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Deciphering the microRNA-mediated Control of Neural Stem Cell Function

Review of “MiRNA-137-mediated modulation of mitochondrial dynamics regulates human neural stem cell fate” from STEM CELLS by Stuart P. Atkinson

Recent research has revealed that pluripotency-associated factors control the expression of miR‐137 [1], a brain‐enriched micro (mi)RNA whose dysfunction has been linked to neurodevelopmental disorders [2, 3] and tumorigenesis. While data from mouse cells have suggested that miR‐137 influences neuronal differentiation and inhibits cell proliferation, the role of miR‐137 in human neural stem cells (NSCs) remained to be fully deciphered. In their recent STEM CELLS article, researchers led by Yogita K. Adlakha (Brain Research Centre, Manesar, India) investigated the role of miR‐137 in human NSCs [4], with their findings suggesting that miR‐137 can modulate NSC fate by altering mitochondrial dynamics [5].

Channakkar et al. first overexpressed miR‐137 in NSCs derived from induced pluripotent stem cells, finding an increase in proliferation, accelerated neuronal differentiation, and improved migratory capacity. To discover the mechanisms underlying the pro-neuronal influence of miR-137, the authors turned to in silico analysis to identify potential targets. Interestingly, the authors discovered that miR‐137 targeted the 3′untranslated region of myocyte enhancer factor‐2A (MEF2A) mRNA, which codes for a transcription factor that regulates peroxisome proliferator‐activated receptor‐gamma coactivator (PGC1α) transcription. Subsequent in vitro validation using a reporter assay confirmed that miR‐137 targets MEF2A in NSCs and that the miRNA-mediated down-regulation of MEF2A reduced the transcription of PGC1α and significantly impacted mitochondrial dynamics.

However, miR‐137 expression also accelerated mitochondrial biogenesis in a PGC1α-independent manner through the upregulation of both nuclear factor erythroid 2 (NFE2)‐related factor 2 (NRF2) and transcription factor A of mitochondria (TFAM). Additionally, the expression of miR‐137 also induced mitochondrial fusion and fission, leading to an increase in mitochondrial content, the activation of oxidative phosphorylation (OXPHOS), and an increase in oxygen consumption rate. Overall, this suggests that miR-137 can enhance neural differentiation of NSCs by modulating mitochondrial activity via several different mechanisms.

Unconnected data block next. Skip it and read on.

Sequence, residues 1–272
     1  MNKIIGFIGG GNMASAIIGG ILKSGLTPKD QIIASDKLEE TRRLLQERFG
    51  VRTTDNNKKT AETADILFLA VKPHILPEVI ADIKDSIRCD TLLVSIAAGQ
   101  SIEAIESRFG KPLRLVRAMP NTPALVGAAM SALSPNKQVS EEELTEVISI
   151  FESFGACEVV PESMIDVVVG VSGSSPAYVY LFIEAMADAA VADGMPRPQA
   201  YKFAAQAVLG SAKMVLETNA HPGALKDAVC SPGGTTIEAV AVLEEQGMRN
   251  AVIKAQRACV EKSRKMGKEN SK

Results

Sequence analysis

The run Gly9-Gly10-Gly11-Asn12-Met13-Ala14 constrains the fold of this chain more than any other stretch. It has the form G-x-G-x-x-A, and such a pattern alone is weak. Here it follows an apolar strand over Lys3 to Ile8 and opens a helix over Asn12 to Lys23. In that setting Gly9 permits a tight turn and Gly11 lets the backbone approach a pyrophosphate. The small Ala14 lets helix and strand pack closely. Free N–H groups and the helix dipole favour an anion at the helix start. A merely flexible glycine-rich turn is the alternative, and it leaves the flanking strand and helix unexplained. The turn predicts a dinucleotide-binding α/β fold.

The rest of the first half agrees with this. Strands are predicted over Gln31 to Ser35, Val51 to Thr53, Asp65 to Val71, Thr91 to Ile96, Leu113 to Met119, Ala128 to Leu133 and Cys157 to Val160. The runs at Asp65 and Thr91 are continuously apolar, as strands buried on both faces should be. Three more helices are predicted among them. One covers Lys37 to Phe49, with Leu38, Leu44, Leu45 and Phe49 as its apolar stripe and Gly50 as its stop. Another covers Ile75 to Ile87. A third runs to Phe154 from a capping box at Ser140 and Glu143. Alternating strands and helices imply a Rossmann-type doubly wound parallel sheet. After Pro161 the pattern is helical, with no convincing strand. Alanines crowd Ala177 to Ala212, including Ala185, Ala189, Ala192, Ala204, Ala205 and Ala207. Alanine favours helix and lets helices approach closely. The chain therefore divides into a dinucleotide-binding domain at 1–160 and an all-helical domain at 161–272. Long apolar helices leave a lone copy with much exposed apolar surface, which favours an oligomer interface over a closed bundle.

Of note, the authors also established that miR‐137 overexpression in NSCs prompted an increase in the levels of the OCT4 and SOX2 pluripotency-associated transcription factors. As the miR‐137 promoter also contains binding sites for OCT4 and SOX2, the authors suggest the existence of a feed‐forward self‐regulatory loop.

In this fascinating new study, the authors have shown that miR-137 enhances the neural differentiation of NSCs by modulating the mitochondria to match the metabolic/energetic requirements of the newly formed neurons. As the normal age-related decrease in neurogenesis associates with comprised regenerative abilities [6], the authors hope that their findings may lead to the development of novel approaches to battle the aging process and aid the treatment of neurodegenerative diseases.

For more on how microRNAs regulate stem cell activities, stay tuned to the Stem Cells Portal!


  1. Boyer LA, Lee TI, Cole MF, et al., Core Transcriptional Regulatory Circuitry in Human Embryonic Stem Cells. Cell 2005;122:947-956.
  2. Willemsen MH, Vallès A, Kirkels LAMH, et al., Chromosome 1p21.3 Microdeletions Comprising DPYD and MIR137 are Associated with Intellectual Disability. Journal of Medical Genetics 2011;48:810.
  3. Strazisar M, Cammaerts S, van der Ven K, et al., MIR137 Variants Identified in Psychiatric Patients Affect Synaptogenesis and Neuronal Transmission Gene Sets. Molecular Psychiatry 2015;20:472-481.
  4. Channakkar AS, Singh T, Pattnaik B, et al., MiRNA-137-mediated modulation of mitochondrial dynamics regulates human neural stem cell fate. STEM CELLS 2020;38:683-697.
  5. Khacho M and Slack RS, Mitochondrial Dynamics in the Regulation of Neurogenesis: From Development to the Adult Brain. Developmental Dynamics 2018;247:47-53.
  6. Lledo P-M, Alonso M, and Grubb MS, Adult Neurogenesis and Functional Plasticity in Neuronal Circuits. Nature Reviews Neuroscience 2006;7:179-193.